INDEX OF ARTICLES WRITTENBY PHIL DEE

In Part 1 of Going Global, I explained why you might want to collaborate and how to identify potential collaborators. Now imagine that you've decided to tell one or more potential collaborators that your piece of science might be of interest to their research. These people you've identified could well be working on the other side of the world. Unless you have already met them at a conference (in which case they may not remember you anyway), they have almost certainly never heard of you, or, quite possibly, your supervisor's group. So, whoever they are, you will need to start by introducing yourself.

You could try cold-calling on the telephone, but chances are the people you are trying to contact are either at a conference, are in meetings with their own people, or are just too busy to want to speak with you. The good thing about using e-mail for first contact is that your are not pressuring the other people by demanding their immediate attention. The bad thing is that the other people can easily choose just to ignore you. And that's the first hurdle in getting collaborations off the ground. Busy, successful scientists can receive upwards of 50 e-mails a day, so to ensure you message is even read, you need to get yourself noticed with an eye-catching subject line. Write it in fairly short prose, but make sure you include their keywords; make it sound like something they will want to read. They probably don't want to hear about your results--they want to know what's in it for them. So, for example, you could use 'Opportunity to collaborate with group interested in the function of XYZ'. Naturally, ensure that XYZ includes one or more of their keywords.

Once your message is opened, you face the next hurdle: convincing them it's worth their while bothering to write a reply. So state your name and whom you work for, then summarise the general area of your research in no more than two lines! If you talk about yourself too much they may well 'switch off' and start scanning down the page. Some more obvious issues: Get to the point; keep it brief and state exactly what you would like from them (i.e., say " please"), and not what you want. Give them numbered points to avoid misunderstandings.

But what happens if they don't reply after, say, a week? Well don't give up. I once sent three e-mails and made four phone calls trying to track down a possible collaborator. After almost giving up hope, I got a reply by e-mail that was full of apology for the delay and gave me exactly the news I had been hoping for. Some scientists really are unbelievably busy, even if they spend too much of their time sitting in airport lounges. The above example was an extreme case, but I always remind myself to follow up with at least a second--and if it's really important, a third--e-mail spread over the course of a month. This allows for absences due to conferences and other visits. The second time around, include your original message in case the first one got deleted. Be polite and simply restate your interest, rather than rudely asking if they have had the time to read your message. If all else fails, ring them or ring their lab and speak to someone who can help you get a message to them.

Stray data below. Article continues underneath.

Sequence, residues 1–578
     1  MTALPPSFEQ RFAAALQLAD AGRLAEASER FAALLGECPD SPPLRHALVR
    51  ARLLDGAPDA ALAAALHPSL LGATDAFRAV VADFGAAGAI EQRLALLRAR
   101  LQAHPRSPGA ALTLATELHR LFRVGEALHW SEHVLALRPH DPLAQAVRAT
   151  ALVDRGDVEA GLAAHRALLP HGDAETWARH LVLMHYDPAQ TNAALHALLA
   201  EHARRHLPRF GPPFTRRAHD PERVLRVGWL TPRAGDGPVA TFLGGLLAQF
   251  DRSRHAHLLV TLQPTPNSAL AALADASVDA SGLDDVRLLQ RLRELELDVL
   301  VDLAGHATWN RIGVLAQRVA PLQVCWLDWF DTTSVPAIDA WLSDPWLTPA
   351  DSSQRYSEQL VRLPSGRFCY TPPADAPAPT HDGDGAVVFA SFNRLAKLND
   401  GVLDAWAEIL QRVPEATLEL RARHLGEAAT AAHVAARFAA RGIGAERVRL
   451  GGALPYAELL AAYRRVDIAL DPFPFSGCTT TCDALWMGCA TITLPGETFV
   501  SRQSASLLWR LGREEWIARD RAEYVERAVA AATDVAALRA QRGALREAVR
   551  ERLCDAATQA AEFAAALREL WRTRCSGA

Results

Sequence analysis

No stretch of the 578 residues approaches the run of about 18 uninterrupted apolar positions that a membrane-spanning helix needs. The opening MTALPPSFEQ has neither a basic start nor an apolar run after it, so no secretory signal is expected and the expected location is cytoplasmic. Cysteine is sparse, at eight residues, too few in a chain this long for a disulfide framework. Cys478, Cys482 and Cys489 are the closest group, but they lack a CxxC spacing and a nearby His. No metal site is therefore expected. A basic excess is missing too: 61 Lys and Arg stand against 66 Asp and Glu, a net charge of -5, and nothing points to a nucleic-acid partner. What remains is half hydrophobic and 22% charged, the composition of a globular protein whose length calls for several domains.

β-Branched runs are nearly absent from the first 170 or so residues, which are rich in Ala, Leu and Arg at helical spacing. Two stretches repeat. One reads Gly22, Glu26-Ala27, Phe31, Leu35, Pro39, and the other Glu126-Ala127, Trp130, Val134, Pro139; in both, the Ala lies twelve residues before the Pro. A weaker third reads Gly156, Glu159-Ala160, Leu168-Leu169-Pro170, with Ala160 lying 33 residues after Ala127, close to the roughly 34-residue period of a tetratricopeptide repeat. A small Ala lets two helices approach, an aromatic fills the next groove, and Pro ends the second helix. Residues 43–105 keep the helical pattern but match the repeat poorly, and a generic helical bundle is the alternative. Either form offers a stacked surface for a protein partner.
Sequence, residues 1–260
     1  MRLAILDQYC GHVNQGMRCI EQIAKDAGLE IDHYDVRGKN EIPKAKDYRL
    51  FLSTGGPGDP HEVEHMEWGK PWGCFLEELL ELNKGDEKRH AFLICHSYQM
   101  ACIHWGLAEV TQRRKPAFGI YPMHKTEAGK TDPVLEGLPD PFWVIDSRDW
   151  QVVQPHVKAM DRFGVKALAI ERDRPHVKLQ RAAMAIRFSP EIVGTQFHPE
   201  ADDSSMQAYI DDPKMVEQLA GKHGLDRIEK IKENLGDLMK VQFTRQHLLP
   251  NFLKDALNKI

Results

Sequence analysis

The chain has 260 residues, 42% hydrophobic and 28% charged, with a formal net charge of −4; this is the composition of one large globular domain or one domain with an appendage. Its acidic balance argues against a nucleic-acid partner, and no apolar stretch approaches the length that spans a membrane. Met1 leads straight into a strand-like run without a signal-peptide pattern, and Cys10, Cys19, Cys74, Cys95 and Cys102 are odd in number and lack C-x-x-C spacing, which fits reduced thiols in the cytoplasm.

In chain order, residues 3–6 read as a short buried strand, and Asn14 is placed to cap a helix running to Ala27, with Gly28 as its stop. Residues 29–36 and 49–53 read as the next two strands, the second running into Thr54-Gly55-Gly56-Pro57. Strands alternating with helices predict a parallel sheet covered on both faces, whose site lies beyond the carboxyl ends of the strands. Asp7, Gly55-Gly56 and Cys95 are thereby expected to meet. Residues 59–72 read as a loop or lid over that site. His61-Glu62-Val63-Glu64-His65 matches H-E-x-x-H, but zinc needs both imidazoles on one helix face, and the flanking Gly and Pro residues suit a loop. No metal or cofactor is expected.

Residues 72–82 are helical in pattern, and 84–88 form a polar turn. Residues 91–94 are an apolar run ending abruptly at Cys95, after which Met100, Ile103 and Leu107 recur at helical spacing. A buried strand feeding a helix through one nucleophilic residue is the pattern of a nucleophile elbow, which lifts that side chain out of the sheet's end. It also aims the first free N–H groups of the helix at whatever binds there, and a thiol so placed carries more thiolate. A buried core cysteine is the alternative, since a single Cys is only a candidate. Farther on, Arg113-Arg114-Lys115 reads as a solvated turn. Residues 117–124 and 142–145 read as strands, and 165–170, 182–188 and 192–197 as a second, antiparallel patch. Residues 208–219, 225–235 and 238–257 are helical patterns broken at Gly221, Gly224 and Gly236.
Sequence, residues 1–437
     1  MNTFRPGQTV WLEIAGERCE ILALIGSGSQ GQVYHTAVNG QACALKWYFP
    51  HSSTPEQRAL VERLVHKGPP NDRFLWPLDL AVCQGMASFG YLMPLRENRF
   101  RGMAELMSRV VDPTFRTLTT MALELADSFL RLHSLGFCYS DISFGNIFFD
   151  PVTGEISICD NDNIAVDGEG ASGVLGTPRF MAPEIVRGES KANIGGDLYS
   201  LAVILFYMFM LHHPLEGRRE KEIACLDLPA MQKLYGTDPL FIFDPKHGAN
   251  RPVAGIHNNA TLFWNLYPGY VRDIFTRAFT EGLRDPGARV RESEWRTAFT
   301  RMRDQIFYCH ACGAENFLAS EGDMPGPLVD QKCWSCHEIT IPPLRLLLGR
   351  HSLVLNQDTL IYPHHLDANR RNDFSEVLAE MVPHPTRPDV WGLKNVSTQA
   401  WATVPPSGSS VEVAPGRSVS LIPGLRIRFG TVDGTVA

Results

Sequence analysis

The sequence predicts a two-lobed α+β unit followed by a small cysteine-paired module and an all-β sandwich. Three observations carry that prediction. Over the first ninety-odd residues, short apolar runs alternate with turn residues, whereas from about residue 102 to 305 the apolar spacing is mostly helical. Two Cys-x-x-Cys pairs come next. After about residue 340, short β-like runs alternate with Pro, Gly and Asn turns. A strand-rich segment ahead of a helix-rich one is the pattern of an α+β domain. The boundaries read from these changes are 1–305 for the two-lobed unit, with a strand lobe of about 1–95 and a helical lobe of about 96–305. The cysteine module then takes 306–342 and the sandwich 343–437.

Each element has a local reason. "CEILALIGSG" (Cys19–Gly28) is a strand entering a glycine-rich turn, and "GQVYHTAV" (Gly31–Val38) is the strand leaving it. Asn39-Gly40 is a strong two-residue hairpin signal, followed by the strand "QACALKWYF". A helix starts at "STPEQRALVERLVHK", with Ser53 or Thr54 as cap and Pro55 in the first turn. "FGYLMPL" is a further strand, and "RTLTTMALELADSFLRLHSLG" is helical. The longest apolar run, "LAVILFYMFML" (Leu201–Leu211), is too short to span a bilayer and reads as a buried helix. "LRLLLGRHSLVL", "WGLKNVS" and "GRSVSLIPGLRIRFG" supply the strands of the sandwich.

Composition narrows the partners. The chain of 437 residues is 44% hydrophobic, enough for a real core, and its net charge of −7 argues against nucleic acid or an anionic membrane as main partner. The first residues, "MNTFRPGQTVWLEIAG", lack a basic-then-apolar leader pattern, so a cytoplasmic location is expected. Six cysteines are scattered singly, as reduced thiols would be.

If you get lucky and receive a favourable reply (most people eventually respond well to a brief, intelligent request), talk to your boss before you respond. There are lots of people out there who'd like privileged access to your unpublished results, and your boss, not you, is the one person who should decide what detail, if any, you share with them. Thank goodness I have no personal experience of having my results 'scooped', but several naïve PhD students must have fallen foul of unscrupulous scientists saying 'thank you very much and goodbye' once they had got the information they wanted.

The politics of collaboration can be a daunting prospect for PhD students who haven't even met all the key players in their own immediate fields. Your advisor must play a key role if you are to negotiate (literally, negotiate) your way through the subtleties of scientific protocol, especially because this process will probably be carried out mostly via e-mail. Without access to the human voice and body language, this can all get a bit cagey in my experience, and it can certainly open you eyes to how much science--like any other profession--is all about personalities. If the other person is a bit of an unknown quantity, your boss may want to start by offering a small interesting titbit of information from your lab-book to see what is given in return. Or you could write a general statement about your work that catches the other party's interest but doesn't really tell any useful detail. The person will soon see where you are coming from, and so can begin a tennis match of e-mails that can rapidly become a daily source first of excitement, then furious discussion and another quickly but carefully drafted response. All this is very satisfying and, for me, what science is all about: people with nothing else in common getting very excited about their own little corners of the natural world.

Last comes the real business of any collaboration. This is when tangible things like scientific materials and PhD students start moving from one lab to another to open up experiments that would otherwise be impossible. There's little to match the excitement of receiving a parcel from Japan or the United States with potentially PhD-saving contents inside. And you never know, your name could end up on a joint paper!